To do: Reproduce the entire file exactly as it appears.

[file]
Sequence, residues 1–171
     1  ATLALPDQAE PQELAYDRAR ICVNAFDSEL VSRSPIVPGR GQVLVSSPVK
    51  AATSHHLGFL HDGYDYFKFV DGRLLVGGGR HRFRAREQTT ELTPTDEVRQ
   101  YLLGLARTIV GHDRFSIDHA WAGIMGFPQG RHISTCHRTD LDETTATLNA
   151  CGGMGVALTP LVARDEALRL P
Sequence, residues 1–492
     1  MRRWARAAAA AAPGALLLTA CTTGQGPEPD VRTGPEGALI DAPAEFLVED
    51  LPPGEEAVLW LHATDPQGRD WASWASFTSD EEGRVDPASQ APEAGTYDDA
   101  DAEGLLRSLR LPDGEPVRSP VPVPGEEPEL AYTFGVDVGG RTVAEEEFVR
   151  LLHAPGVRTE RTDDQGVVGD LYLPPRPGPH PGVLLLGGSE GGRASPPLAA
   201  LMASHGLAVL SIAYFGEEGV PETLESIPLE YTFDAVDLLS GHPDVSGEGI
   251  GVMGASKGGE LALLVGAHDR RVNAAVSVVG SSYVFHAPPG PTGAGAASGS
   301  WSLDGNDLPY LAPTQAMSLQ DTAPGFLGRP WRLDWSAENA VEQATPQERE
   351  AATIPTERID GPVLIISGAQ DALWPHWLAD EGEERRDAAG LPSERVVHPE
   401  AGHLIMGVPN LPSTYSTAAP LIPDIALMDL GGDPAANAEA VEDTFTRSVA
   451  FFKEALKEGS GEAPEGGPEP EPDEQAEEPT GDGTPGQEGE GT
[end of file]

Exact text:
Sequence, residues 1–171
     1  ATLALPDQAE PQELAYDRAR ICVNAFDSEL VSRSPIVPGR GQVLVSSPVK
    51  AATSHHLGFL HDGYDYFKFV DGRLLVGGGR HRFRAREQTT ELTPTDEVRQ
   101  YLLGLARTIV GHDRFSIDHA WAGIMGFPQG RHISTCHRTD LDETTATLNA
   151  CGGMGVALTP LVARDEALRL P
Sequence, residues 1–492
     1  MRRWARAAAA AAPGALLLTA CTTGQGPEPD VRTGPEGALI DAPAEFLVED
    51  LPPGEEAVLW LHATDPQGRD WASWASFTSD EEGRVDPASQ APEAGTYDDA
   101  DAEGLLRSLR LPDGEPVRSP VPVPGEEPEL AYTFGVDVGG RTVAEEEFVR
   151  LLHAPGVRTE RTDDQGVVGD LYLPPRPGPH PGVLLLGGSE GGRASPPLAA
   201  LMASHGLAVL SIAYFGEEGV PETLESIPLE YTFDAVDLLS GHPDVSGEGI
   251  GVMGASKGGE LALLVGAHDR RVNAAVSVVG SSYVFHAPPG PTGAGAASGS
   301  WSLDGNDLPY LAPTQAMSLQ DTAPGFLGRP WRLDWSAENA VEQATPQERE
   351  AATIPTERID GPVLIISGAQ DALWPHWLAD EGEERRDAAG LPSERVVHPE
   401  AGHLIMGVPN LPSTYSTAAP LIPDIALMDL GGDPAANAEA VEDTFTRSVA
   451  FFKEALKEGS GEAPEGGPEP EPDEQAEEPT GDGTPGQEGE GT